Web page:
Leviathan by Scott Westerfeld
I haven't read Westerfeld's the Uglies trilogy, so I can't compare Leviathan to his previous works. But I did thoroughly enjoy the book, despite the fact that it's the first of a series that has just come out and now I have to wait forever for the next volumes.
As a young adult, I don't know if I would have enjoyed the steampunk atmosphere, but I do now. As a kid, I tended to want my books to be pure fantasy or pure sci/fi, but Leviathan has an interesting blend of machinery and nature.
The alternate history is also interesting, especially since I know at least a little bit about WWI. Westerfeld notes that there wasn't really a son involved in the murder of Archduke Ferdinand and Princess Sophie, but Westerfeld nicely sticks Aleksander into the story
I did have some difficulty conceptualizing the Leviathan itself, though. It's hard for me to think of a living ship, a whale-creation that is both alive and mechanized, one that contains an apiary within its belly. I'm also not sure I liked the Darwinists use of animals...I think I preferred the Clankers with their non-sentient machines.
So that I remember when book 2 comes out:
Deryn Sharp, 15, posing as Dylan Sharp, new mid-shipman on the Leviathan; on her first day, even before her middy exams, she was blown away while flying a Huxley, a jelly-fish-like single flier
Jaspert Sharp, Deryn's older brother, and an airman in the corps, helps Deryn disguise herself and study for the exams
Aleksander Ferdinand, 14 to 16 or so, son of murdered Archduke Ferdinand and Princess Sophie; Sophie was not deemed royal enough blood, so the emperor disinherited Alek upon his birth--the archduke achieved a recognition from the pope, declaring Alek heir to the emperor's throne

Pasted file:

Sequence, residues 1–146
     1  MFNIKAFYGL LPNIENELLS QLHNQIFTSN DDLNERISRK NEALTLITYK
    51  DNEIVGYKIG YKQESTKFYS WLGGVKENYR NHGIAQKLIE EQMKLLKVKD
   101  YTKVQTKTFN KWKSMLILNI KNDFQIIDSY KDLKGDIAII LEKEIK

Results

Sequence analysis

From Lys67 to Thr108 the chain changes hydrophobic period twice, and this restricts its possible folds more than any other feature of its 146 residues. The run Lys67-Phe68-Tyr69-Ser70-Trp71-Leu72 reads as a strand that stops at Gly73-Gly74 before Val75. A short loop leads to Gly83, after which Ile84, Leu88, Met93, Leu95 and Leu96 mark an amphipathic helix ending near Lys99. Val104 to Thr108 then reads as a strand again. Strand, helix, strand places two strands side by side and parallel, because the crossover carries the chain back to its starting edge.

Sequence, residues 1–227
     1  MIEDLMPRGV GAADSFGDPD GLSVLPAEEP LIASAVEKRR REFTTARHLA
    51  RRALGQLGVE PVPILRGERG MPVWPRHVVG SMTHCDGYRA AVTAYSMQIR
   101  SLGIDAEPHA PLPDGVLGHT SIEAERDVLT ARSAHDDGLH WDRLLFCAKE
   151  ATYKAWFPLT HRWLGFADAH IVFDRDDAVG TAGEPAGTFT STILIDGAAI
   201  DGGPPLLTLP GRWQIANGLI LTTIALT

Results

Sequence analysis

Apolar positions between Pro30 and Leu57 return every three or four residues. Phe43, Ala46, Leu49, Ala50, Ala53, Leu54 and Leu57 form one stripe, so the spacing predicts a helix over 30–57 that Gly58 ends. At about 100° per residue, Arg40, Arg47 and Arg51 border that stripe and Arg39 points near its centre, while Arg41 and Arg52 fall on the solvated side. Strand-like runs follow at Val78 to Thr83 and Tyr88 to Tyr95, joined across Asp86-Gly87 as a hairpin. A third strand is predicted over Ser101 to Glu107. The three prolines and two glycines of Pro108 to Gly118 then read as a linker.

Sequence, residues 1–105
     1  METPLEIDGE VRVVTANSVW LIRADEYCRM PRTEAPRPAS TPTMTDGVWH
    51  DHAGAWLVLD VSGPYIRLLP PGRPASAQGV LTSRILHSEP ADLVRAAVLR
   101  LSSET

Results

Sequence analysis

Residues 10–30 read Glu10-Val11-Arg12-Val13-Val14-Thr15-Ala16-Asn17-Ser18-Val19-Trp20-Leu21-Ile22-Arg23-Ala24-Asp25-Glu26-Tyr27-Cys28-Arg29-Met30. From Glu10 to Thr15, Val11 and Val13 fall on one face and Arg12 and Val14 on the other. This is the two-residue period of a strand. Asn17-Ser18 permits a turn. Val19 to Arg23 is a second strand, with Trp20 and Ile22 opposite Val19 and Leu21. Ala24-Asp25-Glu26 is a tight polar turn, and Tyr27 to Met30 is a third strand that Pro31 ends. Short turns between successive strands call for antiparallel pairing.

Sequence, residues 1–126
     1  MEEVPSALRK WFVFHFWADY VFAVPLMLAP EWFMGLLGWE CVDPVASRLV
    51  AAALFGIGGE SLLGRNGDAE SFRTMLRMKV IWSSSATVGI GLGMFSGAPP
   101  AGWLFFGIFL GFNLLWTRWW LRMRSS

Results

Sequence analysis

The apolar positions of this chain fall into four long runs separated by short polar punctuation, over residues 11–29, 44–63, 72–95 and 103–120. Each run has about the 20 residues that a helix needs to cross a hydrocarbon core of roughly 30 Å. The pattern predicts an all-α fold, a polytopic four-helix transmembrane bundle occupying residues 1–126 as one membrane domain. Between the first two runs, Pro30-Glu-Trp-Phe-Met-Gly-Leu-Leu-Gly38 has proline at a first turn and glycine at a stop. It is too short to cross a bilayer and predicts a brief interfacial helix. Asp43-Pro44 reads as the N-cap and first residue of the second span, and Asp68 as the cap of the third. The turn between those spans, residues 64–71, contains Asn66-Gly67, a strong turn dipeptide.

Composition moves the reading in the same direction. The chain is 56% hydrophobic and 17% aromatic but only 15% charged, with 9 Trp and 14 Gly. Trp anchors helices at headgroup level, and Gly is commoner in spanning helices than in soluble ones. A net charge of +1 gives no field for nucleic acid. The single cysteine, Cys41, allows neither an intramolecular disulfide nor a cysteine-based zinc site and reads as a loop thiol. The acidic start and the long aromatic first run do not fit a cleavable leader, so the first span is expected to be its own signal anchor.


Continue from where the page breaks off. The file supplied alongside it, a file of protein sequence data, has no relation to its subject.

Count Volger and Otto Klopp--Alek's retainers (fencing master and chief mechanic, respectively), who rescue and support him as he escapes from the Serbs and other enemies out to kill him
The Leviathan docks in Hyde Park, London, to pick up Dr. ? Darwin Barlow, ancestress of Charles Darwin, and one of the original designers of the Leviathan and many other fabricated beasties. Dr. Barlow is on a mission to deliver fabrication eggs to the Ottoman Empire. Even though England is not officially at war during the course of the novel, the Leviathan is shot down over Switzerland, and lands on a glacier which is devoid of any life. The Leviathan can repair herself, but she needs enough food sources to rebuild her energy stores.
At the same time, Alek has been wakened by Volger and Klopp and hustled into a mechanical walker, supposedly as part of his military training. Only later does he learn that his parents have been killed, and Volger and Klopp are following the archduke's final orders to protect Alek. The only way to get him to safety is to flee across Austria to neutral Switzerland, to a glacial castle the archduke and Volger have prepared for just such a contingency. The Austrians see the Leviathan crash, and Alek ventures out to help.
The book ends with the crew of the Leviathan cobbling parts of the Austrian walker to the Darwinist ship, and defeating German forces which have discovered them. They have struck a bargain with the Austrians, not yet their enemies at war, to take them to the Ottoman empire, where Alek and his retainers will disappear.